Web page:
A Diagnostics & Imaging Week

The National Institutes of Health (NIH) said it has awarded three contracts for pilot projects to improve informatics support for researchers conducting small- to medium-sized clinical studies. Each of the two-year contracts, which will total up to roughly $4 million, represents a collaboration among individuals at three or more institutions that receive NIH Clinical and Translational Science Awards (CTSA).

Administered by the National Center for Research Resources (NCRR), one of the CTSA program goals is to advance collaborations in clinical and translational research by interdisciplinary teams of investigators. These collaborations help enable the translation of rapidly evolving information developed in basic biomedical research into treatments and strategies to improve human health.

Informatics support includes systems that store, process and facilitate the exchange of information. The pilot projects will be led by Case Western Reserve University (Cleveland); University of Washington (Seattle); and Vanderbilt University (Nashville, Tennessee).

"These projects, which will build on the existing strong informatics expertise at the institutions, will promote new ways in which to enable researchers to collaborate and communicate across the CTSA consortium and with other partners in their research," said NCRR Director Barbara Alving, MD. "The projects are one important part of a larger effort to achieve the potential of clinical and translational science and reduce the time it takes to develop new treatments for disease."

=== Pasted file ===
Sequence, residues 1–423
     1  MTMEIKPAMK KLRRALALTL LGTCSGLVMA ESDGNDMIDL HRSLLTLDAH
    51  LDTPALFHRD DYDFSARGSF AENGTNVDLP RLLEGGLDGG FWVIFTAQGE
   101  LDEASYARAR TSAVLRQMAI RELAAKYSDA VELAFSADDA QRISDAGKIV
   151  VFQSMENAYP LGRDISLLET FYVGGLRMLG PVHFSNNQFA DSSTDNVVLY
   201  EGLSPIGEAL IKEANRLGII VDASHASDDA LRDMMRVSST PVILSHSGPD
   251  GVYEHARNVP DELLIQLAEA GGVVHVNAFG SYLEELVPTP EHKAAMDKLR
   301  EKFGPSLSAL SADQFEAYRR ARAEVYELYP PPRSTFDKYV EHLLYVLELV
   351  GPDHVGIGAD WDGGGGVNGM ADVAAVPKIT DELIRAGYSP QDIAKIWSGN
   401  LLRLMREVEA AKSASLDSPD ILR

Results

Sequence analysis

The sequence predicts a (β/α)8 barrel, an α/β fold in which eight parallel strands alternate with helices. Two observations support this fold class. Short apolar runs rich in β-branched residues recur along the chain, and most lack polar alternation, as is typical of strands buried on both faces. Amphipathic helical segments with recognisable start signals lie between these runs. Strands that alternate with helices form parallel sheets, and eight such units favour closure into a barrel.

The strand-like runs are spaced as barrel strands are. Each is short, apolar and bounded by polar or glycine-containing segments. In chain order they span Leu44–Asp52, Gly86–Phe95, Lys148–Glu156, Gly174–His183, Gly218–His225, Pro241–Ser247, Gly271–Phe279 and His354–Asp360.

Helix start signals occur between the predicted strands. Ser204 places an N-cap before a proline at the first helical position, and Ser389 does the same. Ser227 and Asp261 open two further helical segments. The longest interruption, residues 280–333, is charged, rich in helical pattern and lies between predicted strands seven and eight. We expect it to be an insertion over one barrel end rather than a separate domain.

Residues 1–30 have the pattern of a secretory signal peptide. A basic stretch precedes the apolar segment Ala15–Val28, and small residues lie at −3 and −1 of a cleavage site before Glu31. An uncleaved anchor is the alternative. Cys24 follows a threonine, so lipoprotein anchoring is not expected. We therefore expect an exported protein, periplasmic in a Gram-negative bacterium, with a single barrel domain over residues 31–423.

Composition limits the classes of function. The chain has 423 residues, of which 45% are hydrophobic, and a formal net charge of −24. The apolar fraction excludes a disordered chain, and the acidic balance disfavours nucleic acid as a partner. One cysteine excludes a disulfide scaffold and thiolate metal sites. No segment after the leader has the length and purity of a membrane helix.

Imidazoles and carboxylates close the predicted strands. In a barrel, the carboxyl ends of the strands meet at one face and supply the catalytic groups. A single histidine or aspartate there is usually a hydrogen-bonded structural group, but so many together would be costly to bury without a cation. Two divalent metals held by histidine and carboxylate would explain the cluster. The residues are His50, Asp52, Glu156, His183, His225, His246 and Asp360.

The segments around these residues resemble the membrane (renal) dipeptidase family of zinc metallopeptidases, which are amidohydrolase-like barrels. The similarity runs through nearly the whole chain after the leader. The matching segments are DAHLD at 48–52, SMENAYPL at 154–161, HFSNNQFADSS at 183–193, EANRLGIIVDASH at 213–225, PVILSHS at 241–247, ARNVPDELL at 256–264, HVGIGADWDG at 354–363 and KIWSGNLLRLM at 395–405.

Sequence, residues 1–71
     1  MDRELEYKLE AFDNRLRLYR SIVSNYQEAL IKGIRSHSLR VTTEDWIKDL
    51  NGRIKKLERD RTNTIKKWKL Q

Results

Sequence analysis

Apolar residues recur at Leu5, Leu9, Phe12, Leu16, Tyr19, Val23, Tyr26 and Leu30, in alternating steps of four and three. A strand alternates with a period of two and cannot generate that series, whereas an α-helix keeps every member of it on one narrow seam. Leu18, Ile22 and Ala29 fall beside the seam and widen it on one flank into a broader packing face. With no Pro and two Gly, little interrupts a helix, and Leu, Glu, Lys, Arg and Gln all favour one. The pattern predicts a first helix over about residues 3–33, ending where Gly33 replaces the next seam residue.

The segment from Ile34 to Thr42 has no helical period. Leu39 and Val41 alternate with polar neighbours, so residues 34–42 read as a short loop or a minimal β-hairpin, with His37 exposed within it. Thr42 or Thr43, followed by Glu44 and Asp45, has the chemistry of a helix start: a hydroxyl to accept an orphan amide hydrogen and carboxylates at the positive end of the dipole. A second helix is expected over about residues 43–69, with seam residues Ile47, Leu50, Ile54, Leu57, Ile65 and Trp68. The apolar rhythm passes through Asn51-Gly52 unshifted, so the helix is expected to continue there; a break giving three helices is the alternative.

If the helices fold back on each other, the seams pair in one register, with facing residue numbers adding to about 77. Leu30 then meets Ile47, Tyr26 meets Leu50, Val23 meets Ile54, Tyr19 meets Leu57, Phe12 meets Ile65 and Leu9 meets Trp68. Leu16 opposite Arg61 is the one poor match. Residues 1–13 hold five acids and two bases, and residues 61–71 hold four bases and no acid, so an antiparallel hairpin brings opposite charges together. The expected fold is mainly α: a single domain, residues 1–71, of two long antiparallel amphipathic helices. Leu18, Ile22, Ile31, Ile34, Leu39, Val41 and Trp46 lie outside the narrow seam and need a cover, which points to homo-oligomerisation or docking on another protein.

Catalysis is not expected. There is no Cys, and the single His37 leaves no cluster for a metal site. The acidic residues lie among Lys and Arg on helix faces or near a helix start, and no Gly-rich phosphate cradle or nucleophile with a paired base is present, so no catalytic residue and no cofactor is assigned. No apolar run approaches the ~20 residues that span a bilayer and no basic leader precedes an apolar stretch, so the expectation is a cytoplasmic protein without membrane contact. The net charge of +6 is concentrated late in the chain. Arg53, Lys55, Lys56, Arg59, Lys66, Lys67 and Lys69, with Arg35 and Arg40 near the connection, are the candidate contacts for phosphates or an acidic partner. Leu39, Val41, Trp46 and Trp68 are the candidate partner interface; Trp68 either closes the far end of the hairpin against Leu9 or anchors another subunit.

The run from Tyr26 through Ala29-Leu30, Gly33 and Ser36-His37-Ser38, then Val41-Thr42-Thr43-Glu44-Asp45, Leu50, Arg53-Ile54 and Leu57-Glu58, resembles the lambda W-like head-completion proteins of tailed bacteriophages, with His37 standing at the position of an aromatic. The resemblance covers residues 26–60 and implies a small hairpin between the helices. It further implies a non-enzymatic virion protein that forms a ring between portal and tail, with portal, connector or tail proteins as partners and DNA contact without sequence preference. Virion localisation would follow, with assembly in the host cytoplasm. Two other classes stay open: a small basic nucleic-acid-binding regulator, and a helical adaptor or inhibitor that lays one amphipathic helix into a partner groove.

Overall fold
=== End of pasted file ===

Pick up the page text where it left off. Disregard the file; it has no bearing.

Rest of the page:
The Case Western Reserve University project, headed by Susan Redline, MD, and G.Q. Zhang, PhD, includes investigators from the Marshfield Clinic, University of Wisconsin (Madison), and the University of Michigan (Ann Arbor).

This team will develop Physio-MIMI, an informatics infrastructure for collecting, managing and analyzing diverse data types across institutions. Researchers will be able to more effectively and efficiently collaborate in national studies that include many complex data sources and types, such as heart or brain monitoring data and genomic information. A key component of the system will allow secure, safe and regulated transfer of information from clinical care systems and research databases.

The University of Washington project, led by Nicholas Anderson, PhD, will develop a mechanism allowing researchers at three large, geographically distributed medical centers to easily access large shared data sets to assist in designing research studies and generating hypotheses. This team, which includes investigators from the University of California-Davis, and the University of California, San Francisco, will extend Harvard University's (Cambridge, Massachusetts) i2b2 software architecture to support cross-institution searches. This project will provide model policies and procedures to advance multi-institutional sharing of clinical data in support of research.